Tuesday, 6 December 2016

Report backs on KUWG involvements in housing protests, meetings and events

Report by CJ

6.30PM-8.30PM Monday 21st Nov 2016 Unite Housing Workers and Social Housing Residents meeting. Only 6 people including CJ and Tim B. Discussed problems with social housing providers for workers and tenants, so in both our interests to get together. Another meeting pencilled in for 30th Jan 2017. Nice coffees and luxury biscuits.

Noon-1.15pm Weds 23rd Nov 2016 Outside parliament. Axe the Act protest. @75 people with banners and placards, and we heard speeches from different activists, including some Labour councillors. CJ with kuwg banner, and Helen2 taking photos and videos.

5pm-8.30pm Fri 25th Nov 2016 Save the Granville Centre night. Kuwgs-Pam, Mira (Glory hunters), Farhan, Willae, Diana, with late arrival by CJ & Surprise. Zadie Smith spoke on how public services helped her. Brent Council want to knock down building that has been part of the community for over 100 years! Free suppers made by the Community Kitchen (6pm Fridays) and some young poets and R&B singers showed their talents-amazin!

Finally new Genesis Housing Residents had its first meeting 
6.30-8.30pm Tues 29th Nov 2016, Kingsgate, and @60 in attendance including Tim B, Diana, Mark S, CJ and AJ from Kingsgate. Lots of rotten experiences in dealing with Genesis expressed by people, and understanding that the proposed Housing Act will make things even worser and worserer!

As kuwg has experience of protesting against Genesis a protest agreed Weds 14th December 2016 1pm-2pm 64 Pratt Street, Camden. @20 agreed to attend, i have email addresses of 8...a bit rushed.

Monday, 5 December 2016

University and College Union opposes Higher Education & Research Bill: "Lobby a lord today"

From Sally Hunt, UCU General Secretary

View online version

[image: UCU logo] <http://www.ucu.org.uk>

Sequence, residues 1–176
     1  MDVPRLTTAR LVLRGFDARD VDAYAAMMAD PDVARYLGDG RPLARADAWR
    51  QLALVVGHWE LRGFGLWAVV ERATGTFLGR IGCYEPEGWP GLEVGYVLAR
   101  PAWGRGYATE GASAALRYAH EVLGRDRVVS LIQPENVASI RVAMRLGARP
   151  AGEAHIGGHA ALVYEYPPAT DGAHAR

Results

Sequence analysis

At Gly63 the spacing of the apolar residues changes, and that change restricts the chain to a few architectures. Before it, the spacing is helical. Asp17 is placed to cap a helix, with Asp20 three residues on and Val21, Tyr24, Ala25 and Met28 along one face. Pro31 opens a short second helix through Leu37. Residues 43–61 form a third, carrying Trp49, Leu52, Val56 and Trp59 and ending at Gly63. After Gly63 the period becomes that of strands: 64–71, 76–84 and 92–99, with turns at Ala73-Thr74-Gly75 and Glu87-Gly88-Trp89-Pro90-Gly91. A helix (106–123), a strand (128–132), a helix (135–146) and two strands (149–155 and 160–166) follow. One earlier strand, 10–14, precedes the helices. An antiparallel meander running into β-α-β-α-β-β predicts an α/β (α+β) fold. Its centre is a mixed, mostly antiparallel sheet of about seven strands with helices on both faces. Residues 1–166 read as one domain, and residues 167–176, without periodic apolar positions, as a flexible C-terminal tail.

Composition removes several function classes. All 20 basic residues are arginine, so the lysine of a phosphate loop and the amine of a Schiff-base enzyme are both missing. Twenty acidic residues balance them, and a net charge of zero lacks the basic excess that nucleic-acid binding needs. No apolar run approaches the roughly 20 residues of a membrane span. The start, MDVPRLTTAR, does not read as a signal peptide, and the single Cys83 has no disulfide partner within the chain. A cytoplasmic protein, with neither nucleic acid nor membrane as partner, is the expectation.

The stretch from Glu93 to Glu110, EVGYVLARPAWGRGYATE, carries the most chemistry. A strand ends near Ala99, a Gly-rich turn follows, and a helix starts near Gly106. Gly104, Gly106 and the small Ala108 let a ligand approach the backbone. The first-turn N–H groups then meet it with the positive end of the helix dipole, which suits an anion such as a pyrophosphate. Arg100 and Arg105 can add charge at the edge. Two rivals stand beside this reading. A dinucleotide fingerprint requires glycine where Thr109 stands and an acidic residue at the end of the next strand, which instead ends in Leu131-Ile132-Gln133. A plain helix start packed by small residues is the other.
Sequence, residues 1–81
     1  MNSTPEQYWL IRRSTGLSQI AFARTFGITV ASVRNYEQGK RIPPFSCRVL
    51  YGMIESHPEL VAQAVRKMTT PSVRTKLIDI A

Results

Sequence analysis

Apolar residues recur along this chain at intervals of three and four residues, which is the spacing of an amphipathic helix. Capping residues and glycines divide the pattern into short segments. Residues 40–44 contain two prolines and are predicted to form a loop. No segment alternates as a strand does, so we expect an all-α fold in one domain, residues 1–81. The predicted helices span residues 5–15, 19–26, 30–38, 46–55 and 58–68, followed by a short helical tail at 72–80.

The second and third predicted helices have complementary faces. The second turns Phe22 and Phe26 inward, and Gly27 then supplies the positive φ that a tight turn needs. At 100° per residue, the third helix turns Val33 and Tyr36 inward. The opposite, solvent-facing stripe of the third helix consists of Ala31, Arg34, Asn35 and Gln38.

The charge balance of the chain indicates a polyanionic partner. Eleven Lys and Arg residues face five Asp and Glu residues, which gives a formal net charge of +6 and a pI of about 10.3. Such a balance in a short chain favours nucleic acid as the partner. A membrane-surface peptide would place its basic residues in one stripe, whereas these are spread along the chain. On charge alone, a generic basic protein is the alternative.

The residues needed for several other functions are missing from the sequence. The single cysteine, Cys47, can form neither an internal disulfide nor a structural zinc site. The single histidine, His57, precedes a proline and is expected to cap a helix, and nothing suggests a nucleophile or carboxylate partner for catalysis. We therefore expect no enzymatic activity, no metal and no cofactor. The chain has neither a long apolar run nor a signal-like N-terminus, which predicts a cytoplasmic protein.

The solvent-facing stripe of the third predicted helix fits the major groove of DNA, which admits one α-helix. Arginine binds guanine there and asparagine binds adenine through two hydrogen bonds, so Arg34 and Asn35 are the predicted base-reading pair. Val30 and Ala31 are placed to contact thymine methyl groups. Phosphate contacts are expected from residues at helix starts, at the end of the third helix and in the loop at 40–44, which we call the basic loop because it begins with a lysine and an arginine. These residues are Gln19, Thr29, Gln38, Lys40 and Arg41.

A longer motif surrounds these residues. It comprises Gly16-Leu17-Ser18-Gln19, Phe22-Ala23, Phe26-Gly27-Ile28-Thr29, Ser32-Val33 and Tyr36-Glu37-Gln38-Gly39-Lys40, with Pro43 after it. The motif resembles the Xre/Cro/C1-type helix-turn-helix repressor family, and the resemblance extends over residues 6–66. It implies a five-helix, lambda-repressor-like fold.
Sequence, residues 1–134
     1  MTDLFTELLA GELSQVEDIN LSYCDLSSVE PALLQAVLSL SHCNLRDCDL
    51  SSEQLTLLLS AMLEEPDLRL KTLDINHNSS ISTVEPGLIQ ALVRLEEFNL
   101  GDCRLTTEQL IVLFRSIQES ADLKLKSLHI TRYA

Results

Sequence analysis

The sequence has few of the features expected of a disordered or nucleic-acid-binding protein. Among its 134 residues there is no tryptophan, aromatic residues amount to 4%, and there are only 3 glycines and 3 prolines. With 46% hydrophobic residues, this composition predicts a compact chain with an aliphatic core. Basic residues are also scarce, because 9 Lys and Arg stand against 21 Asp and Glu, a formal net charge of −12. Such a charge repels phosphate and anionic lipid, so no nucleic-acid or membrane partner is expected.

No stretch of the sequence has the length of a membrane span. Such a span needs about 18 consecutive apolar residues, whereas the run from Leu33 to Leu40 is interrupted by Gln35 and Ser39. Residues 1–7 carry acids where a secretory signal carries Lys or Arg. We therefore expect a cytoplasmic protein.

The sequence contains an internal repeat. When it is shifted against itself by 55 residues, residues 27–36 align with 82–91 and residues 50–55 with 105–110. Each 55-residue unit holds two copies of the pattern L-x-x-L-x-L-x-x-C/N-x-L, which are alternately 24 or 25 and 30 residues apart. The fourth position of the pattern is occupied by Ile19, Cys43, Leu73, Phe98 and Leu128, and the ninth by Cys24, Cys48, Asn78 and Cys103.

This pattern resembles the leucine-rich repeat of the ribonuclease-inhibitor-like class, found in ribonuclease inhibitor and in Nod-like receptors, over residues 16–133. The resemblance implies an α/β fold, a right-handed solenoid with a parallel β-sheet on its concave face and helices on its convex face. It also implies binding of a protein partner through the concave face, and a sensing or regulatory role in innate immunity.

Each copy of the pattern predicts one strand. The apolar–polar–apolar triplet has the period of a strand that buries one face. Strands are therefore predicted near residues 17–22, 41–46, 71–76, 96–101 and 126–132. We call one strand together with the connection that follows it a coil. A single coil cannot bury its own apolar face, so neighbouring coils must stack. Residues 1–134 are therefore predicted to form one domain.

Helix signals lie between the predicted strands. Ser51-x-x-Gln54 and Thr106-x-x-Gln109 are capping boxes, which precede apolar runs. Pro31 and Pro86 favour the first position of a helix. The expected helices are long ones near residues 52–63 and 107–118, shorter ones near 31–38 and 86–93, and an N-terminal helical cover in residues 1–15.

[image: Twitter logo] <http://twitter.com/ucu> [image: Facebook logo]

Dear colleague,

Tomorrow [6 December] the Higher Education and Research Bill goes back to the House of Lords for its second reading.

We have been working round the clock to brief peers about the bill.

  - How it will open the floodgates for "for profit" education
  - How it will weaken university autonomy
  - How it opens the way for fee increases linked to the TEF

Now will you help us by 'lobbying a Lord'?

To make things easy, we have created a list of peers who have a
relationship with a UK university.  It may be that they attended, taught or
held high office at an institution.

Please use our online tool to write to any peers who are associated with
your university - tell them where you work! If you can't find anyone
associated with your institution, write to another peer.

This bill claims to be about improving quality but contains nothing to
improve the status and conditions of the university staff and will damage
the UK's hard won academic reputation.

Please lobby a Lord now by clicking here.

Thank you again.

Sally Hunt
UCU general secretary

Wednesday, 30 November 2016

Thurs 8 December public meeting to help resist Guinness Evictions

From Architects for Social Housing:
Please support Beti’s campaign by naming, shaming and challenging the Guinness Partnership on social and in print media as the social cleansers and home wreckers that they are; by attending the next public meeting of the Northwold Estate campaign, which is being held from 7-9pm on Thursday, 8 December, in the Community Hall (131 Upper Clapton Rd, Hackney, London E5 9SA), where you will be able to hear Beti speak; and by giving her your active, professional (if applicable) and even financial support as she takes on the Guinness Partnership for her right to a home.

For further information on the Guinness Partnership evictions, go to https://architectsforsocialhousing.wordpress.com/2016/11/28/resist-guinness-evictions-campaign-for-beti/

British Sign Language Interpreters ripped off by NHS contractor

From NUBSLI via Linda Burnip of Disabled People Against Cuts

NUBSLI is the National Union of British Sign Language Interpreters. 

LanguageLine has won NHS contracts in Sheffield, London and the Midlands by putting in bids at below market rates. They are now imposing cuts of a third to interpreters fees and reducing booking times by 1 hour.